Movie Review: Priest

Hi there!

The Summer 2011 movie season has started even though Spring in Colorado has been one of mixed wind, snow, rain, and sun so far. Thor was fun, and I was hoping Priest with Paul Bettany, Karl Urban, and Maggie Q might continue the trend. Let’s just say I almost walked out after 25 minutes and wish I had so I could have used that time more wisely.

Let’s set the stage before I rip this film up however.

Priest is set in a dystopian, post-apocalyptic world where vampires and humankind have always battled for supremacy. People moved to cities with high walls to protect them, but we were losing badly. That is until the Church started finding people with extraordinary abilities who were fast enough to actually battle vampires effectively. This small band of brothers and sisters eventually got them under control. Rather than destroying the vampires however, they decided to put them on reservations and keep them locked up for eternity.

The Priest referred to in the title of the film (Bettany) gets a message from the outpost where his brother is living with his wife and daughter saying that his niece had been kidnapped by the vampires, her mother killed, and Priest’s brother slowly dying. Could he help? Sure, but it would mean turning his back on the Church and going against orders. Sometimes a little disobedience is required, and Priest goes off to save his niece. The Church isn’t happy and sends out four more priests after him, including the Priestess (Maggie Q, TV’s Nikita). And Priest discovers that it’s an old friend who’s taken his niece (Urban, Red, Lord of the Rings trilogy)…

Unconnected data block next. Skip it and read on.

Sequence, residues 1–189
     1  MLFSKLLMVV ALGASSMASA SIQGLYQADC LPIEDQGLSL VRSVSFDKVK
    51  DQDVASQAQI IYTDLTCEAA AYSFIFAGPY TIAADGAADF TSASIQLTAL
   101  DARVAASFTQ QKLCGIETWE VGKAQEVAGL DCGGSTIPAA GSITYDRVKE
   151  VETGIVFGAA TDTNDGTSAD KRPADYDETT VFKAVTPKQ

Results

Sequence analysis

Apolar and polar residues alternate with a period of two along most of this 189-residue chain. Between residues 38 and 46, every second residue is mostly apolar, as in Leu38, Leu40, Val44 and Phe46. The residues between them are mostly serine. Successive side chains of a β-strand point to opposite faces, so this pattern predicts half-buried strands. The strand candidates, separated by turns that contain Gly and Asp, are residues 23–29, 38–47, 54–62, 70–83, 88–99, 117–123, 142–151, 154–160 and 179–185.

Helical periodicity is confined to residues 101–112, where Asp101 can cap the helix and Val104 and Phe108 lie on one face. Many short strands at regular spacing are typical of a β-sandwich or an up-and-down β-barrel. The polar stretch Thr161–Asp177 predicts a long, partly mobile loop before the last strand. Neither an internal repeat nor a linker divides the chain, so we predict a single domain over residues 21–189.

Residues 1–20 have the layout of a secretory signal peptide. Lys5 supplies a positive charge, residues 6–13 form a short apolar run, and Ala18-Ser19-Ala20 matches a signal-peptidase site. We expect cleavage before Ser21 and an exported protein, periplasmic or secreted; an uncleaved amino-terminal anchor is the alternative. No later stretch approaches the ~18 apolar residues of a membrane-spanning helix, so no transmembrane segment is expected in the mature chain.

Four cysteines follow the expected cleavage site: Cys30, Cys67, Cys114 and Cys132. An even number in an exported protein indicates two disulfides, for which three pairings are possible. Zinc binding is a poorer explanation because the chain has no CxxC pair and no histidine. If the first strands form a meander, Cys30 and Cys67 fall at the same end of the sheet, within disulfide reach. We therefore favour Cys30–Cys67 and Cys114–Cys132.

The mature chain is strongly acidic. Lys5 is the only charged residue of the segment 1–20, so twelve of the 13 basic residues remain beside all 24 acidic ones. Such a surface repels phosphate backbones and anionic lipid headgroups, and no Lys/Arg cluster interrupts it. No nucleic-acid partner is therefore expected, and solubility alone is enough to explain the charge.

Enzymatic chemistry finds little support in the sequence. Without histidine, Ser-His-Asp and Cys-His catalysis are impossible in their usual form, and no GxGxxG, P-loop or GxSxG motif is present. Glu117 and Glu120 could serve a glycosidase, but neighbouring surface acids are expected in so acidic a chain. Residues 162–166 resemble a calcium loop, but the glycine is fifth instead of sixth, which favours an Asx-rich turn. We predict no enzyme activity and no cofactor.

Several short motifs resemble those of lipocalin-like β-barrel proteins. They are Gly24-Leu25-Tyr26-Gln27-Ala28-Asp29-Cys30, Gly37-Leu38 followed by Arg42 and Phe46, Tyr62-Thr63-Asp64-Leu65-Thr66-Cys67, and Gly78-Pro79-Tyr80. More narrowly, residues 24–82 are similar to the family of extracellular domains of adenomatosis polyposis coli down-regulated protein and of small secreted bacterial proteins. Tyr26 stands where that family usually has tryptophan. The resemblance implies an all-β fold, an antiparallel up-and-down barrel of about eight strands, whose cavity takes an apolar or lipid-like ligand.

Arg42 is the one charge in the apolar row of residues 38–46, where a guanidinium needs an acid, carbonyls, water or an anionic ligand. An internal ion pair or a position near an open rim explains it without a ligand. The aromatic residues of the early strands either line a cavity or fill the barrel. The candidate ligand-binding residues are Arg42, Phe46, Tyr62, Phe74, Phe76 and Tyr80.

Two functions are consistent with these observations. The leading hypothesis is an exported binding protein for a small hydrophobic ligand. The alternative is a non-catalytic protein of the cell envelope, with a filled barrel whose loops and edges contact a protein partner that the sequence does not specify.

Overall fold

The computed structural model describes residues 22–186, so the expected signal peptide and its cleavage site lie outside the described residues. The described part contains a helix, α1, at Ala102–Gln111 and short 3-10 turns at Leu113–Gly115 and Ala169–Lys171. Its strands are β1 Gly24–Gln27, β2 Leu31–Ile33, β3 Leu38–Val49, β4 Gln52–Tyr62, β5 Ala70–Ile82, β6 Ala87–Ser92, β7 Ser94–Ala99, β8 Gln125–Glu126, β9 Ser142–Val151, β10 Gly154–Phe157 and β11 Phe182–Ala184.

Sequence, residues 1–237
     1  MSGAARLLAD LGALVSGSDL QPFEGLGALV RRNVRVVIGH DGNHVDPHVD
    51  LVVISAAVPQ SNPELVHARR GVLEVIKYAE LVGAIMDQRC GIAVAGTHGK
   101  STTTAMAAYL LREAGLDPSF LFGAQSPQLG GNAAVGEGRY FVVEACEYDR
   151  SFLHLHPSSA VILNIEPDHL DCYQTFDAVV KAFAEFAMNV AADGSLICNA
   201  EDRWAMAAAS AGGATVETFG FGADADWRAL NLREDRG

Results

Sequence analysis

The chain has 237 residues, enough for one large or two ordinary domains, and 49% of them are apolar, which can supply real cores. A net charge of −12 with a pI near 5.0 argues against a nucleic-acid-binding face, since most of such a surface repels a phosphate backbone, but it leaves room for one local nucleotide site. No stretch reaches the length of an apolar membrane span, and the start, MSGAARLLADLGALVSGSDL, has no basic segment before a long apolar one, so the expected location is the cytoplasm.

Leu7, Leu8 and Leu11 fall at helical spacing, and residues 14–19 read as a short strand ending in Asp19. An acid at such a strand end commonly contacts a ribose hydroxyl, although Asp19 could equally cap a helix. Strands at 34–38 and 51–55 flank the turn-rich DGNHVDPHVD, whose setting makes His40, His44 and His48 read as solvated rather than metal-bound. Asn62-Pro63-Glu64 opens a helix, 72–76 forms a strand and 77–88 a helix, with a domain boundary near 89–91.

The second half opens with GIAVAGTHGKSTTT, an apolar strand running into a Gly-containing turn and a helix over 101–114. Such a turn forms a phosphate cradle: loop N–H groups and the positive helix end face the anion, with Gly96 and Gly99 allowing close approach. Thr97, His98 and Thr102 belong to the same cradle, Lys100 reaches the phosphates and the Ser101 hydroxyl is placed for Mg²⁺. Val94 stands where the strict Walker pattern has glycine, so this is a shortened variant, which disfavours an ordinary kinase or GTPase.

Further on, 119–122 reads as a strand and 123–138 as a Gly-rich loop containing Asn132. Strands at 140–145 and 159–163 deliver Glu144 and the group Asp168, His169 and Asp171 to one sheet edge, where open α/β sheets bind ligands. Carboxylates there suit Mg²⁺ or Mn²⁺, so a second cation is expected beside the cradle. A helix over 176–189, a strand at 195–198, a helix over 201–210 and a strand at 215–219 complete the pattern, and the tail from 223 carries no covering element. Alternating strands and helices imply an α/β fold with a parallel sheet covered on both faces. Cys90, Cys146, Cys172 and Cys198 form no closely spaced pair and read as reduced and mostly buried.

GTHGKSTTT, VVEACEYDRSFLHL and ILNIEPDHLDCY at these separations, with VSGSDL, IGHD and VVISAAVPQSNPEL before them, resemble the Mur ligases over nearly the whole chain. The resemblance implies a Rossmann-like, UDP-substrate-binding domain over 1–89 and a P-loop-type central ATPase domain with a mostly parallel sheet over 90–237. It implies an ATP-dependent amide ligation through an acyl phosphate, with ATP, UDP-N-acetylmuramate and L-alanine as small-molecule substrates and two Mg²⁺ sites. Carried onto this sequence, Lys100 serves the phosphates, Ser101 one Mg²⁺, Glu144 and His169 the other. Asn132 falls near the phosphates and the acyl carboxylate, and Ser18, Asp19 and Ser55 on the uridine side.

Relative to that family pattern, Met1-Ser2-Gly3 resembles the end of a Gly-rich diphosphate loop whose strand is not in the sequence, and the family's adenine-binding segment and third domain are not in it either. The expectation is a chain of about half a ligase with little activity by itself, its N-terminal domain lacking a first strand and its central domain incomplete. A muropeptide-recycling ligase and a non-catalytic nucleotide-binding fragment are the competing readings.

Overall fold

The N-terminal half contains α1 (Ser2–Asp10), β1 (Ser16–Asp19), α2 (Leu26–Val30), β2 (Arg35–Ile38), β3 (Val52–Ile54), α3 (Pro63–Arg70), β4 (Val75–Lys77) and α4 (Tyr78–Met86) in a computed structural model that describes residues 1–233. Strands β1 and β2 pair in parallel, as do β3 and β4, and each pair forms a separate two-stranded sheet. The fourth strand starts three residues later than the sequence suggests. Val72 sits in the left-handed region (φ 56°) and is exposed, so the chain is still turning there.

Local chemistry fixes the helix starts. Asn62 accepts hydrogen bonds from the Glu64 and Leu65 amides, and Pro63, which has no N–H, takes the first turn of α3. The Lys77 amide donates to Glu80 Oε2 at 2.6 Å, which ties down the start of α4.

I’ll stop there because I wouldn’t want to spoil the story. Not that you don’t already know all of that from the trailers, but hey.

So what went wrong with this film?

It starts off with an animated sequence that tells a bit of the backstory of the war, the priests, and so on. It has to be the bloodiest animation I’ve seen in quite a while, but it was fine. Suitably dark with a bit of narration to tell us what we need to know. But it quickly became evident that the soundtrack by Christopher Young was going to be a loud, less well written homage to the Conan soundtrack by Basil Poleadoris. That annoyed me throughout the film.

Once we actually meet Priest, it becomes readily apparent that Bettany decided this character wasn’t going to have any emotions at all. Even Urban’s “Black Hat” character only really has one good scene and it appears in the trailers where he’s directing mayhem Joker-style. Christopher Plummer puts in an appearance as Monsignor Orelas, a humorless control freak with little redeeming value.

Honestly the only character remotely likable was Maggie Q’s Priestess. She had the most emotional range of any of the characters and hardly received much screen time for her trouble.

And the vampires themselves were kind of interesting. Eyeless with four legs and big fangs ready to rip a person to shreds. They looked a bit slimy, but hey – they live underground and in the dark. You’d probably be slimy too.

Let me tick off the other things that bugged me. The story is transparent and railroaded. The cinematography has two modes – washed out and white in the desert or salt flats or dark, whether dark outside or underground. When it’s washed out, it’s really washed out. And when it’s dark, it’s dark. The wirework was uninteresting, even as Priest and Black Hat duel on the top of a speeding train. The 3D effects were largely uninteresting and did nothing to advance the plot (such as it was)…